A brain disorder that causes people to get lost
It's something many of us take for granted.
Being able to find our way around our own home, or to and from work. But for some people, not getting lost, even in the most familiar environments, is next to impossible.
Imagine getting lost in even the most familiar environments.
You can't remember where to turn on streets you have walked down for years.
Finding your workplace is a major task.
"There are people who are unable to orient, and they easily get lost, and they [have been getting] lost since they were children," said Dr. Giuseppe Iaria, UBC Faculty of Medicine
This condition now has a name. It's called developmental topographical disorientation'.
"They get lost in their own house. These are people who get lost in their neighborhoods, where they [have] live for 25 years," said Iaria, who discovered the brain disorder.
Dr. Iaria says people suffering from the disorder can lose their bearings with every turn. East literally becomes north. They are unable to process geographical information like others.
"When you move in a new environment, you start building in your mind knowledge about places and landmarks, and you create a special relationship in your mind between these places so that with time you can move from any place to anywhere without getting lost," he said.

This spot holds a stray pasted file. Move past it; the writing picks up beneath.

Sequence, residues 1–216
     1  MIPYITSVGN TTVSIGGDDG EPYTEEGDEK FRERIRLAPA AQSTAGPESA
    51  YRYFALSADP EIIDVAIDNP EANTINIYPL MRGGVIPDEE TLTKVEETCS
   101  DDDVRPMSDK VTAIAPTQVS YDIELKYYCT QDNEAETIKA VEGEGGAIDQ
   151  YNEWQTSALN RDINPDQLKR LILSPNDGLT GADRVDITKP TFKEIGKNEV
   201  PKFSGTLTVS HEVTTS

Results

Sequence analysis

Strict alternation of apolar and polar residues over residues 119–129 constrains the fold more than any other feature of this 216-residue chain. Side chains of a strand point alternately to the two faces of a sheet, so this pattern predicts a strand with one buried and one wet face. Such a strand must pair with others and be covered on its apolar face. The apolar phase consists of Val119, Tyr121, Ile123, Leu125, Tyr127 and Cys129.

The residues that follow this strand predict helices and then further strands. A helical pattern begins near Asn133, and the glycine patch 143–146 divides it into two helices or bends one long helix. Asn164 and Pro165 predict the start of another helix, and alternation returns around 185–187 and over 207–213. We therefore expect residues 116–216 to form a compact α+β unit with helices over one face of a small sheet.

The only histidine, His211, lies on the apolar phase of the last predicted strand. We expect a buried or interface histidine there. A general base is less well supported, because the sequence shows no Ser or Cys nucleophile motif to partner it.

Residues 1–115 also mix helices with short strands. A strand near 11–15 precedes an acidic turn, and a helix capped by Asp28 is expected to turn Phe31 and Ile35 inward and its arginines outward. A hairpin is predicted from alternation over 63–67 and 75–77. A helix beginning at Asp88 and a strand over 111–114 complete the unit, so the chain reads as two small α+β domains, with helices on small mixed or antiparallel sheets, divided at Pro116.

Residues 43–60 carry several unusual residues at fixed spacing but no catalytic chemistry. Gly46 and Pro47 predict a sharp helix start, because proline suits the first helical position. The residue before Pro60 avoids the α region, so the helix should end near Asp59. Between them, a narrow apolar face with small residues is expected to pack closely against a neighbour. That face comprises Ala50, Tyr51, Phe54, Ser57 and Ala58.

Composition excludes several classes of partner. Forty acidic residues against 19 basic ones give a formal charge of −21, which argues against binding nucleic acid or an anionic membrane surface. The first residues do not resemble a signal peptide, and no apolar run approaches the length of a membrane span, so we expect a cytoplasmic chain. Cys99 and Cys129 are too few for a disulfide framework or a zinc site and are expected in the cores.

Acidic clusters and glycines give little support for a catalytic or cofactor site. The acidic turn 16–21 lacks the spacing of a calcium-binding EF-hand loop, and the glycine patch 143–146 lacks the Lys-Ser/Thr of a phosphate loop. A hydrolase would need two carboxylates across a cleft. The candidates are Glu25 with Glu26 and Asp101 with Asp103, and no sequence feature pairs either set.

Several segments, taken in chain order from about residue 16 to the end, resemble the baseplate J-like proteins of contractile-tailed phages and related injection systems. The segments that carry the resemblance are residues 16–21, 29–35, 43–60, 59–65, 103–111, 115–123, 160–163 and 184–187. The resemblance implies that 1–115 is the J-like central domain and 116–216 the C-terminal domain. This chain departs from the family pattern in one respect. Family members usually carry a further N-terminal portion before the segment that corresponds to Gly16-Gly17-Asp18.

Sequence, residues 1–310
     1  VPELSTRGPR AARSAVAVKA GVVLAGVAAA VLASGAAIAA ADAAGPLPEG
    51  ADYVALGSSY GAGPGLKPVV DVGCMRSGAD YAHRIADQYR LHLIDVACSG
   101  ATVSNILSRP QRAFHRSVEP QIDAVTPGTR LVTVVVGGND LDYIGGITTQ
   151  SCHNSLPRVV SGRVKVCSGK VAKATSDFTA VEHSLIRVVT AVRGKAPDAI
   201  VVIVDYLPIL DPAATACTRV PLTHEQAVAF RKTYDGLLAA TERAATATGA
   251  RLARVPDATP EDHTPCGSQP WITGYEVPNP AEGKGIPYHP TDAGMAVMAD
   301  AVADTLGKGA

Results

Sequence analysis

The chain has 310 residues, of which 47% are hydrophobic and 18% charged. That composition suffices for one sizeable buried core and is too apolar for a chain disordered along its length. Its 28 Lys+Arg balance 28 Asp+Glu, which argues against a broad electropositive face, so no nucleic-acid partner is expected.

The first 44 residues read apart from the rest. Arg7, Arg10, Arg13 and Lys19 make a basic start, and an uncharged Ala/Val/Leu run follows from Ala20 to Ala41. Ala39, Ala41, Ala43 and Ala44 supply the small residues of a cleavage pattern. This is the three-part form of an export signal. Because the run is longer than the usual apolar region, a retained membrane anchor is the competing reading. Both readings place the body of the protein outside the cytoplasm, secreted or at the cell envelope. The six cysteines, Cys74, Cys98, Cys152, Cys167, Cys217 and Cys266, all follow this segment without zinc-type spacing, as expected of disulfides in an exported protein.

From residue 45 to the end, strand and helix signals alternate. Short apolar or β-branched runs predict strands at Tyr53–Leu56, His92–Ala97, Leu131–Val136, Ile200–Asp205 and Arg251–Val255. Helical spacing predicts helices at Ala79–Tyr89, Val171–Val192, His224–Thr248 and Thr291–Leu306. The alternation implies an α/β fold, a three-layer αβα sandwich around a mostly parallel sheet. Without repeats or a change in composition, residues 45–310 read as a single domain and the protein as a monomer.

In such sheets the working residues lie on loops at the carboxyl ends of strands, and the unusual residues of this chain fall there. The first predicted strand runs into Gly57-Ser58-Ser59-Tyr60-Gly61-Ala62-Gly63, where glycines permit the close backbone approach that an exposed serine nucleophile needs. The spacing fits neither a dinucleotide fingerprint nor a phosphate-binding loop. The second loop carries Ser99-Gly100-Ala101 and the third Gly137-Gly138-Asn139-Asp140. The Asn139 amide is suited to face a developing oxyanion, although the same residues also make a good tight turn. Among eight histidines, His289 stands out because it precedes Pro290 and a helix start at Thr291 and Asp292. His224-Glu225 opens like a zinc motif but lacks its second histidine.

Orientation is complex. It uses many parts of the brain. We don't fully develop all of the cognitive skills until we are about nine or ten.
But for some reason, people suffering from developmental topographical disorientation never fully develop that ability.
"Developmental topographical disorientation can occur for so may different reasons. So, there are, for example, people who have a problem in forming a mental representation of the environment--a cognitive map--or there are people who are simply unable to remember left or right turns according to specific landmarks,'' said Dr. Iaria.
Dr Iaria has been contacted by about sixty people who have the condition. But he believes there are many more who are suffering in silence.
"I have been told from so many people that they actually tried to explain their problems to friends and relatives but actually it's impossible for them to understand, so they gave up," he said.
He hopes bringing them together will help them cope with their difficulties. The key is to start working with patients while they are still young.
"I'm assuming that they had this problem since they were children. So, if were able to identify children with this specific issue then it would be easier, because of neuroplasticity, to intervene and to act,'' said Dr. Iaria.
For more information on how we orient ourselves in the environment , or to contact the researchers, if you believe you easily get lost and have had this serious issue since you were a child: see the UBC neuroscience research website at www.gettinglost.ca.
With a report by CTV British Columbia's Dr. Rhonda Low